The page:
A DAY in the LIFE: Lecon Roberts

Sep 16, 2021 | Crestline

On the job with Lecon Roberts, Goodwin’s Market driver

Staff Writer

As close as our mountain communities are to Los Angeles, in many ways they are a world away. Aside from the fact that we are often blocked off from the rest of the county because of weather conditions, we operate as a self-sufficient community.

The reason that can happen is because of the people who contribute every day to our local economy by remaining here to work. Our workers are our most important resource. Many could easily take their work off-the-mountain where there is more opportunity and sometimes more money, but a strong sense of community and a need to build right here where they live keeps them keeping our lives going.

I spent several hours on the job with one of them this week. Lecon Roberts drives the online delivery truck at Goodwin’s Market in Crestline. He pronounces his name Lee-con; it was his father’s name and his father’s father’s name, though he’s not a junior or a third. In French, a similar word, Leçon, means “lesson.” Which is important because that’s how he seems to approach his life: as a huge learning opportunity.

“I like to experience new things,” he tells me, “I guess I’m still trying to find my passion.” Born in Albuquerque, N.M., Roberts’ family moved to the mountain when he was very young.

“My parents were always working, my father was in construction and I used to go right from school to work with him to help bring in money,” he said. “But I never wanted to work as much as him. I like to have time to try new things and to travel and to spend time with my girlfriend. In previous jobs I wasn’t able to do that. I was working 18-hour days sometimes but, with Goodwin’s, I put in a full day of work but, because I don’t have to go down the hill, I can still get home in time to see people.”

Even though he doesn’t have to drive down the hill, he probably logs more miles every day than someone who does.

Roberts already has the Goodwin’s van loaded by the time I arrive. He will make several delivery runs today, usually hitting only a few at a time before reloading because of perishables in people’s grocery orders. Our first stop today is in Cedarpines Park. It’s about a 10-minute drive from the store and, when we get to the house, Roberts drives up the unpaved inclined driveway and puts the van in park. While I wait, he unloads a handful of bags and brings them up to the porch. He’s back after a minute.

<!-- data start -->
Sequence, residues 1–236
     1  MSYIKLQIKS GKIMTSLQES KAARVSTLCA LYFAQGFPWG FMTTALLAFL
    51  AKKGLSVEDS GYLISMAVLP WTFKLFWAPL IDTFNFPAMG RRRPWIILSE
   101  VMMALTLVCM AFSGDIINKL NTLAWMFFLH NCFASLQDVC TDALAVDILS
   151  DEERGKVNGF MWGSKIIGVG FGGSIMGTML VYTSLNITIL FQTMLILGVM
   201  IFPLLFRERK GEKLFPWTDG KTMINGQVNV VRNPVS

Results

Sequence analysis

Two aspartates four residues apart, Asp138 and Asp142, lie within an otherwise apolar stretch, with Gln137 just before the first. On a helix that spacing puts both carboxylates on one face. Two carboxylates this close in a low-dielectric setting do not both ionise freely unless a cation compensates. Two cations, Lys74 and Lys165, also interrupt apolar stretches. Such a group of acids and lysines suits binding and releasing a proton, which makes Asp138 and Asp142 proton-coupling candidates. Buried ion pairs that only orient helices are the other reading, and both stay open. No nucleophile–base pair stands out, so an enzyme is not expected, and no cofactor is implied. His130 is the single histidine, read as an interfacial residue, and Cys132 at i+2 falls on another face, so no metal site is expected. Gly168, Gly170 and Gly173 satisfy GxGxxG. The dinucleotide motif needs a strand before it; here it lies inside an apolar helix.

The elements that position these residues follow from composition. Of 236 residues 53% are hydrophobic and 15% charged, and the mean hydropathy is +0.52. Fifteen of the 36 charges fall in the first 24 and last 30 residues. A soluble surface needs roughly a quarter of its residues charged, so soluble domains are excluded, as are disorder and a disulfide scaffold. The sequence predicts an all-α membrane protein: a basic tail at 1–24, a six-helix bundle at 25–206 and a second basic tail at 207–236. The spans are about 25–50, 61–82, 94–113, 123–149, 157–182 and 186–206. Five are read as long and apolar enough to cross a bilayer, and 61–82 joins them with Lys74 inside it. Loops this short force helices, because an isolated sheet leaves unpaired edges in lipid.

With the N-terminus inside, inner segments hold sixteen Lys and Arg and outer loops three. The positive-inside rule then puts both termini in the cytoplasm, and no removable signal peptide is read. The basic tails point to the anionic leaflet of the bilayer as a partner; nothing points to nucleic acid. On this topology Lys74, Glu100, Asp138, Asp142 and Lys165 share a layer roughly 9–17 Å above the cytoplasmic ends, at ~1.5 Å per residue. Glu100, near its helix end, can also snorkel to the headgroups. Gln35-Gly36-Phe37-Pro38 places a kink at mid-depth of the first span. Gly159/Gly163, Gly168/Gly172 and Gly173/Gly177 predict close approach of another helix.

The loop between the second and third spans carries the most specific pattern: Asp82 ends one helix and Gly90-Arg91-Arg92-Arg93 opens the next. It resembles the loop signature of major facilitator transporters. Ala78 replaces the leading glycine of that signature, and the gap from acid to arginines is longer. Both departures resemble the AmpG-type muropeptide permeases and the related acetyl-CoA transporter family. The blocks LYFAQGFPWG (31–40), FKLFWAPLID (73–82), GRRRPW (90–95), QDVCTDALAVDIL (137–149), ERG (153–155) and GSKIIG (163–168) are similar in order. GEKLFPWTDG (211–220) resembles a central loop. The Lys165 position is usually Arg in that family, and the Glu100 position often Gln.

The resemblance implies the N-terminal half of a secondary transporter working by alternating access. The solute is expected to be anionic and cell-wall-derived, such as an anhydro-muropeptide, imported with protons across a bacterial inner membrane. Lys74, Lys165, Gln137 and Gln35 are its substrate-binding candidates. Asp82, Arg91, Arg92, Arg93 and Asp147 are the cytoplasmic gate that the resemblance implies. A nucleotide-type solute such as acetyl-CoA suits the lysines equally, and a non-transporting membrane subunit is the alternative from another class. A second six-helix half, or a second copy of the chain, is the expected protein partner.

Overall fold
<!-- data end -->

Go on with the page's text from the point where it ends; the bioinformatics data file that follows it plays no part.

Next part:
“Everyone has different needs,” Roberts says, “Some are elderly, some in COVID risk groups, and everyone wants their deliveries handled differently. Some help me carry them inside, and some need help putting them away.”

Occasionally, someone will be very specific: “They’ll tell me, put it on the back porch on this table and cover it with a tarp.”

Roberts obliges whatever their need because he feels he’s making a difference in people’s lives. “A lot of people, I will be the only person they talk to all day. I think that’s important.”

As if to emphasize his point, as we drive to the next delivery, an older gentleman on the side of the road waves to Roberts as we drive past.

“This next stop,” Roberts says, “he’s ordered three times in the last two days. Twice yesterday and once today.
“One of the things I love about driving,” he tells me as we pull up to this frequent buyer’s home, “is that it’s changed my perspective about people on the mountain. There are a lot of nice people up here. Sometimes, when you run into them in other situations, maybe they have some stress going on and you don’t get to see that but, when I meet them in their homes like this, you really get to see how kind they are.”

Roberts unloads this delivery quickly and we’re on our way back to Goodwin’s to load up for the next one which will be in Lake Arrowhead.

“Goodwin’s is an amazing place to work. We all kind of chip in and help out each other. So, for example, if I see that an online order hasn’t been picked yet, I’ll sometimes go ahead and help finish that up. And, if it’s really slow, I’ll grab a broom and sweep or find something else I can do to help out. They are also very understanding when I want to go on one of my trips. I get a lot of flexibility.

That wasn’t the case before Roberts landed at Goodwin’s. In the years leading up to finding his home there, he worked in succession at Lake Gregory, as an electrician, as an oil manufacturer cum hand sanitizer manufacturer, and as the guy who fixed the oil manufacturing equipment. Most of those down-the-hill.

Many of those moves were pandemic dictated, but oil work was hard. “Those were long days, 18 hours sometimes.” After being let go when hand sanitizer wasn’t in as much need, Roberts called his old boss from the Lake Gregory days who was now working at Goodwin’s and half-jokingly said “got a job for me?”

He did. “Come in tomorrow,” he said.

“They had me bagging groceries for a week or so and then one day asked me how my driving record was. I’ve been driving since then.”

Roberts still has a lot of deliveries ahead of him when I say goodbye after the Lake Arrowhead run. I’m not sure that I agree with him that he hasn’t found his passion yet, because the enthusiasm and professionalism that he brings to this job, his natural skill in putting people at ease and making them feel seen, sure feels like a life-passion to me.

What I do agree with him about is that meeting people in their homes can change your perspective. This mountain is our home.



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